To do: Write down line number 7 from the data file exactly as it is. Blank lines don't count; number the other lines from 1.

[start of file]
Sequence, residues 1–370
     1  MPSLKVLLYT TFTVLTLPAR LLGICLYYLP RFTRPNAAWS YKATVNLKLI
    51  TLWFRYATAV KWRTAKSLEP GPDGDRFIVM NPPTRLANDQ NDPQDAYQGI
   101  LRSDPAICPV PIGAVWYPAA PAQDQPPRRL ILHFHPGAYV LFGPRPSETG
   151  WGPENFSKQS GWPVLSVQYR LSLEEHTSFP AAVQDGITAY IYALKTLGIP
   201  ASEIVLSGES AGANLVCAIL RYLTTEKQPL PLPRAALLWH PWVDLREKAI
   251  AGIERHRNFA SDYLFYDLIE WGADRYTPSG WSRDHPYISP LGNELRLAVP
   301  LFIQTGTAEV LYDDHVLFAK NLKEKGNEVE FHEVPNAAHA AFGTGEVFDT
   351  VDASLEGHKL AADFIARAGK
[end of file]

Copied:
   251  AGIERHRNFA SDYLFYDLIE WGADRYTPSG WSRDHPYISP LGNELRLAVP